a7S high ISO claim - - -over hyped or not ?

Started 5 months ago | Discussions thread
viking79
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If you shoot RAW, I would look at DXO Low Light Sports score
In reply to LSHorwitz1, 5 months ago

LSHorwitz1 wrote:

As a long time satisfied NEX-7 owner contemplating the possible purchase of an a7S, I am trying to clarify just how much of an improvement in low light performance I might expect.

Using DxOMark measurements as a starting point, I see that my NEX-7 is rated at 1016 and that the a7S is measured at 3702.

What this is saying is based on RAW measurements, if you like the NEX 7 at ISO 1000, you should like the A7S at ISO 3700.

Understand that DXO resizes to a common output size. These are similar to the results you would get resizing your NEX 7 images to 12 MP before doing a pixel level comparison.

One might conclude that this measured less than a 4-fold increase in ISO should result in less than a 2 stop benefit, since each stop is a doubling / halving.

Yes, this is true. There is an approximate 2 stop flexibility advantage to the A7S. This is better than the 1 1/3 stop inherit in full frame vs APS-C, so this is saying the sensor in the A7S is in fact slightly better than the NEX 7 (but in line with A6000 or slightly better).

The comparison of the published specifications of two camera bodies as described by Sony however suggests a much larger gain, since one camera, the NEX-7, was specified as having a max sensitivity of 16,000 ISO, while the new a7S is described as having a max sensitivity of 102,400, over a six-fold improvement.

These numbers are for marketing purposes.

Is this claim by Sony over-stated, and thus the promised 6+ fold ISO gain increase claimed only really measureses to less than a 4 fold increase?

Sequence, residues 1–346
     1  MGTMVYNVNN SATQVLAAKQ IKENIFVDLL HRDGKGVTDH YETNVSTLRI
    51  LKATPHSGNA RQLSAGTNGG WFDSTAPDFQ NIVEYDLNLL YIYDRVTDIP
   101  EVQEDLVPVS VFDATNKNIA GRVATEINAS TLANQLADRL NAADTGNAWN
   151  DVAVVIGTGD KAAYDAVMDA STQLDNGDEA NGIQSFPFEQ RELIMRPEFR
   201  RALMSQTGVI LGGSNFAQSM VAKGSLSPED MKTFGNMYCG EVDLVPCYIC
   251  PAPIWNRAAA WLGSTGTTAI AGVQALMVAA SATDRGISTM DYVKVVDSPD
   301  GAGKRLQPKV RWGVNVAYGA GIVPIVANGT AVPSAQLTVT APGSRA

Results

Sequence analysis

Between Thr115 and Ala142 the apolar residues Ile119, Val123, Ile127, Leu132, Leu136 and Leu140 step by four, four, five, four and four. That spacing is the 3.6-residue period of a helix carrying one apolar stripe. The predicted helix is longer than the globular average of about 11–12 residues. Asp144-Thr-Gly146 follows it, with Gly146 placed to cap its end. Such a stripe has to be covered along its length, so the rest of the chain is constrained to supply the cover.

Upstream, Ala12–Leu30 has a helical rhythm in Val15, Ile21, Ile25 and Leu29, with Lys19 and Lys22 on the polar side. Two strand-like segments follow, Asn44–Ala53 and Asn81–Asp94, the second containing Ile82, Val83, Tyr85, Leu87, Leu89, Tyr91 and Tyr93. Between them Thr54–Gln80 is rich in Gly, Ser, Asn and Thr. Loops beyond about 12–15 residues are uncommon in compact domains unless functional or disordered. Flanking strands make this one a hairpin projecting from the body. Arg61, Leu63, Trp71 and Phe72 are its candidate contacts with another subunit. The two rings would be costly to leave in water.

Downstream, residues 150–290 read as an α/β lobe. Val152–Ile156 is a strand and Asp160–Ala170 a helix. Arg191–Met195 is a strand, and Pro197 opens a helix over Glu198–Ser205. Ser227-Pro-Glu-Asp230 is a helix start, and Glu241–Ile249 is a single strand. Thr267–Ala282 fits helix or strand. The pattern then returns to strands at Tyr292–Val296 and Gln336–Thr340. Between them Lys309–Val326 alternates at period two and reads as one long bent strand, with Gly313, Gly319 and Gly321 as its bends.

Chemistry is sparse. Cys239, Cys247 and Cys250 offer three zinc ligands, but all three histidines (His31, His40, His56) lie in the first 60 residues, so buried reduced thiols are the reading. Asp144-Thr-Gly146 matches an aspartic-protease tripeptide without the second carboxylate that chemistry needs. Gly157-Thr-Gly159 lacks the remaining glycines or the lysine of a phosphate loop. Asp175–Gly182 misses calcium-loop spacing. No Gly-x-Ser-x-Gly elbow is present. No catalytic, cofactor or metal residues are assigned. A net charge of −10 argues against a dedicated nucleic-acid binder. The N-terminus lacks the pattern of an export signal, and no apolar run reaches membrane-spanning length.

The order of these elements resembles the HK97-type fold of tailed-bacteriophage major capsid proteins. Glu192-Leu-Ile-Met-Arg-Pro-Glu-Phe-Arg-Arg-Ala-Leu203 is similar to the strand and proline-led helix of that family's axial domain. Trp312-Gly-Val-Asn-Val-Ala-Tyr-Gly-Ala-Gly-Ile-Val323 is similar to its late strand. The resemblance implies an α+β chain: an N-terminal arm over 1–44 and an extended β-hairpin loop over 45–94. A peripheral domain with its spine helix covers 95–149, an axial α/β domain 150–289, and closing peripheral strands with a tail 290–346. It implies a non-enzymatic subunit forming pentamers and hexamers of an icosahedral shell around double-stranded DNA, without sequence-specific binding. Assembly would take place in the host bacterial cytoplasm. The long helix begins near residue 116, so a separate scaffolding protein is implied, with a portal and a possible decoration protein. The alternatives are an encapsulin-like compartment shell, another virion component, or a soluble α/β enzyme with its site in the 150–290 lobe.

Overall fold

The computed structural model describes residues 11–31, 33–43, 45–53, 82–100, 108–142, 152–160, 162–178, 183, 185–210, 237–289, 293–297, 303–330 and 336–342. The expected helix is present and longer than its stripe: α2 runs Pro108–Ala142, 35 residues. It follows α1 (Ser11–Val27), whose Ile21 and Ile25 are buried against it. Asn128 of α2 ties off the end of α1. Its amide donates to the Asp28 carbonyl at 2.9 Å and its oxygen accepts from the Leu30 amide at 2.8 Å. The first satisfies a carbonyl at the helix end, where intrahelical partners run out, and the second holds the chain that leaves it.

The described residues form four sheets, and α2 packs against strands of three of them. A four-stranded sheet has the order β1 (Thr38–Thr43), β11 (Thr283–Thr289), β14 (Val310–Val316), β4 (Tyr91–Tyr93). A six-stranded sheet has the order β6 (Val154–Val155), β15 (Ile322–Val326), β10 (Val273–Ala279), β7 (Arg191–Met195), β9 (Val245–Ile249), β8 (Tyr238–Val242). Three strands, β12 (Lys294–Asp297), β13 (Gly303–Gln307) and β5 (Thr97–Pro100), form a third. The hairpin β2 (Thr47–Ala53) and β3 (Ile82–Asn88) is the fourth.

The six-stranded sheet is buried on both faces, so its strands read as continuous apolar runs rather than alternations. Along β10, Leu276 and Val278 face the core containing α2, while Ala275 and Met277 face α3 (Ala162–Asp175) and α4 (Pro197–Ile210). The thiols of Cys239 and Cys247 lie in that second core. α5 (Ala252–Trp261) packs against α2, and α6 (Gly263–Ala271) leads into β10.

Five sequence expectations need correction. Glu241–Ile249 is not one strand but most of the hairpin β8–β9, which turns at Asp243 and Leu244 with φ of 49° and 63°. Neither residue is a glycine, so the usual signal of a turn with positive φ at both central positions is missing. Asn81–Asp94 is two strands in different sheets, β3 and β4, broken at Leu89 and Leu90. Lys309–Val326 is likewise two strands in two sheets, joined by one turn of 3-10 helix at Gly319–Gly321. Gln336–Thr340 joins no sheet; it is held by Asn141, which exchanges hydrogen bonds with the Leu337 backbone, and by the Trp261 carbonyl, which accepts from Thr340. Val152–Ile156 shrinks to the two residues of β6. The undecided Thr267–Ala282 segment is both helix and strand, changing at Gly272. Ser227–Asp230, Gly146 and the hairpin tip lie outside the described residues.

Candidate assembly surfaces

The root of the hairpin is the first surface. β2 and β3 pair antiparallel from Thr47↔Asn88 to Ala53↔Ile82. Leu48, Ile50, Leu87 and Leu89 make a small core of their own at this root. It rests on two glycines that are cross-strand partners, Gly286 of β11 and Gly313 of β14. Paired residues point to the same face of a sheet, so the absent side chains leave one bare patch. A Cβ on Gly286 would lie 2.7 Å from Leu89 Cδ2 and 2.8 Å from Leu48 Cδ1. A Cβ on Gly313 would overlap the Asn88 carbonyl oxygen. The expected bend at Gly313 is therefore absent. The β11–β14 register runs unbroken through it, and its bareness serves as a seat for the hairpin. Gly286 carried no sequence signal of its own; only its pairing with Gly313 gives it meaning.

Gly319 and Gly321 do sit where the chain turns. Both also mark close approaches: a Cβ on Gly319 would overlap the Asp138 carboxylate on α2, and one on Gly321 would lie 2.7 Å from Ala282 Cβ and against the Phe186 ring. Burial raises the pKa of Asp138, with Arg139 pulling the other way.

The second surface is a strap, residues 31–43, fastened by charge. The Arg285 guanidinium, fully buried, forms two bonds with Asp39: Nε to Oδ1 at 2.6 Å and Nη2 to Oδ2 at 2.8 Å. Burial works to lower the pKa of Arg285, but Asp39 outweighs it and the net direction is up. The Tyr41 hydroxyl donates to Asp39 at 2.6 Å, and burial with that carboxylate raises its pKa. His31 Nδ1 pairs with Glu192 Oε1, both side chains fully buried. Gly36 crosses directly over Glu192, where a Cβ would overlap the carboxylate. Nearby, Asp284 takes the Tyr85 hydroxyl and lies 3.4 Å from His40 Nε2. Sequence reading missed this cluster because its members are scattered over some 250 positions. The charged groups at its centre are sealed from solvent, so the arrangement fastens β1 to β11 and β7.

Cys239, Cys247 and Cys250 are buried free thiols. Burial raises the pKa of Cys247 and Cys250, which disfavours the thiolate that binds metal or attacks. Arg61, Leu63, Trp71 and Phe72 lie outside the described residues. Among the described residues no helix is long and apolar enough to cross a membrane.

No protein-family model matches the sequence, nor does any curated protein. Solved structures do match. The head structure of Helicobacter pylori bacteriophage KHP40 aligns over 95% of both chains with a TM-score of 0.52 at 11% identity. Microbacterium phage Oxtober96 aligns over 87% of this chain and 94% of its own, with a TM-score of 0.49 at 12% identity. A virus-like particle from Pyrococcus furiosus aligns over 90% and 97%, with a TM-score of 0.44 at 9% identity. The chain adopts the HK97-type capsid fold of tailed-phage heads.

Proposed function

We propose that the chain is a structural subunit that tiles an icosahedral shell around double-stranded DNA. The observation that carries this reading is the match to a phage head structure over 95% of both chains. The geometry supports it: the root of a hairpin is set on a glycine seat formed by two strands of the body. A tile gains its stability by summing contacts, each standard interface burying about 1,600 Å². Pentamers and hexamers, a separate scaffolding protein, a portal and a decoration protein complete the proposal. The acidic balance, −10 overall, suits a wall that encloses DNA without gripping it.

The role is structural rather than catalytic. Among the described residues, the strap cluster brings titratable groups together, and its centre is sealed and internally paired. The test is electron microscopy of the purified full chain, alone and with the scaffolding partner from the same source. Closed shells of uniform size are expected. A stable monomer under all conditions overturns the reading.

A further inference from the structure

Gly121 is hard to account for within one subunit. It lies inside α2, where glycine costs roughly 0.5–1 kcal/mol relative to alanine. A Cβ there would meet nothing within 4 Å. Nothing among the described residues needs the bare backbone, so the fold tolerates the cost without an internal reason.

What claim by Sony? Those are not claims, just available ISO settings. The slightly less than 4 fold increase is what you would expect. This is a huge difference. It is like buying an f/1.4 lens instead of an f/2.8 lens (or maybe like f/1.4 and f/2.5).

I would be disappointed to go from my current NEX-7 and all my associated glass to the a7S at considerable expsnse, only to find that the DxO measured improvement of less than 2 stops was all that I gained.

That is a huge improvement. As an example, if you are shooting at your max tolerable ISO two stops means shooting at 1/250 instead of 1/60 (this means motion blur vs no motion blur for a walking person). In terms of lenses 1 stop is usually 2 times the price, so 2 stops would usually be a minimum of 4 times the price (but this is very approximate as lens price is influenced largely by market demands).

At the same time, if you don't need two stops flexibility, it is an extreme waste of money. I.e. if you are using a tripod for landscape work.

The A7S has a very specific market in mind, those that shoot events, etc, and need the high ISO capability, along with videographers who don't need more than 8 MP resolution (4K).

Nothing I say has anything to do with JPEG quality settings. I have no idea how they perform in JPEG. DXO mark should only be considered for RAW shooters (or those looking at sensor performance rather than JPEG engine performance).

Eric

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